Colyton Grammar ‘s £490k to help students from disadvantaged backgrounds
PUBLISHED: 07:01 10 December 2018
But county councillor says the government award is unfair on ‘struggling’ non selective schools
Colyton Grammar School has been given £490,000 to develop its work to support and encourage entry for able students from disadvantaged backgrounds.
It is one of 16 selective grammar schools in the country to secure a share of a £50 million fund from the Department of Education to boost its efforts in this area.
The school has added its own funds and money from other external sources, to create a total pot of almost £612,000 for the scheme.
But the award has been criticised by Seaton and Colyton’s county councillor Martin Shaw who says extra government funding should benefit all schools – not just selective ones.
Over the past two years Colyton Grammar has seen numbers registering to take the entrance test treble.
The number of Pupil Premium students in the school since the initiative was launched is nearly double the national and county level of highly achieving disadvantaged Key Stage 2 students.
Colyton has achieved this by working closely with 10 local primary schools on a range of projects to boost educational aspiration and applications to the school.
Support and resources are available to all primary schools within Colyton’s commutable area.
As well as providing support to prospective Year 7 students from disadvantaged backgrounds, Colyton is also working with applicants to its Sixth Form from similar backgrounds.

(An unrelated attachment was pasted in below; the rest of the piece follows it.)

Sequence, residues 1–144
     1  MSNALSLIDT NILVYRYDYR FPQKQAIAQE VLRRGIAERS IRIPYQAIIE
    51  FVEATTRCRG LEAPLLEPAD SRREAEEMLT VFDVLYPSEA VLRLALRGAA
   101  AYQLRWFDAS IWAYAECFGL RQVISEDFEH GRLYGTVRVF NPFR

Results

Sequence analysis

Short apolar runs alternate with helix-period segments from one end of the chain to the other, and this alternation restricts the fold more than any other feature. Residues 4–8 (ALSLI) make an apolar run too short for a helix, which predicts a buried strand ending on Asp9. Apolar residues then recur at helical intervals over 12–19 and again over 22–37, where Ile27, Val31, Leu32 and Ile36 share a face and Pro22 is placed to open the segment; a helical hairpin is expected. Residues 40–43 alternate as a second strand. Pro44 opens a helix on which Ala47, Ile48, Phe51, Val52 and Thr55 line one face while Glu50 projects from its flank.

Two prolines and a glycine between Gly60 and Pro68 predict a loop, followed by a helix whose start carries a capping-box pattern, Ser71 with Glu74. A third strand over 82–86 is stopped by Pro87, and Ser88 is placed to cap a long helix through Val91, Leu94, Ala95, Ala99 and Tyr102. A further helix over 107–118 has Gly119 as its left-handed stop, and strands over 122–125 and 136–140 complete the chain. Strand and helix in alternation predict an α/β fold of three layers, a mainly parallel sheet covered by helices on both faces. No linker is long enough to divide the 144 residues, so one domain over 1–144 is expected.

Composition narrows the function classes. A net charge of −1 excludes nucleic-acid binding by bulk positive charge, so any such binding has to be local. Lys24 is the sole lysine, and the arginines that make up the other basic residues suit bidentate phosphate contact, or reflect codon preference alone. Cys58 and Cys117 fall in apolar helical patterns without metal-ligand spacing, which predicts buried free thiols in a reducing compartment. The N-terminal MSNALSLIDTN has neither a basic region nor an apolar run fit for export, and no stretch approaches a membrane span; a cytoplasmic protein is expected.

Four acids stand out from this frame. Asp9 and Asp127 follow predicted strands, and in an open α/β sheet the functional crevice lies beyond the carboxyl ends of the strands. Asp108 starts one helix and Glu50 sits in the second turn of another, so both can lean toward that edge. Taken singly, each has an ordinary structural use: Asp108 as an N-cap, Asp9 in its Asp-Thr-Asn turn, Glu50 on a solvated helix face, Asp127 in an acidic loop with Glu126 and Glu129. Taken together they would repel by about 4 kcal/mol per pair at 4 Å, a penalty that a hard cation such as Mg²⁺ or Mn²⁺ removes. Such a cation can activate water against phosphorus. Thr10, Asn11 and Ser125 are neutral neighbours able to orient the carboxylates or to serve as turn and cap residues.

As a result, 74 per cent of applications have come from local comprehensive schools.
Headteacher, Tim Harris said: “We are delighted to have been awarded funding by the Department of Education. Our work to date has been hugely successful and is thanks entirely to the dedication of colleagues and students, and the willingness of schools in the area to partner with us. We have achieved results so far without additional funding from outside the school – this recent award will help us to build on our initial successes.”
But Cllr Shaw a member of the Independent East Devon Alliance group, said: “Colyton Grammar is an excellent school and I support its case for improved funding for its ongoing activities, as I do for all local schools.
“However I do not support the Government’s £50 million extra funding to expand grammar schools and I am disappointed that Colyton Grammar School put itself forward for this controversial scheme.
“Additional capital funding should benefit the education of all children, rather than being used to expand a small number of selective schools. It is not right that Colyton Grammar School should benefit from millions of additional funding purely because it is a selective school, when under-pressure local schools which are open to all children receive no funding boost.
“I also share residents’ concerns that expansion of the school would exacerbate the traffic problems which bussing pupils to and from the school already cause in Colyford, and to which no solutions have yet been found.”
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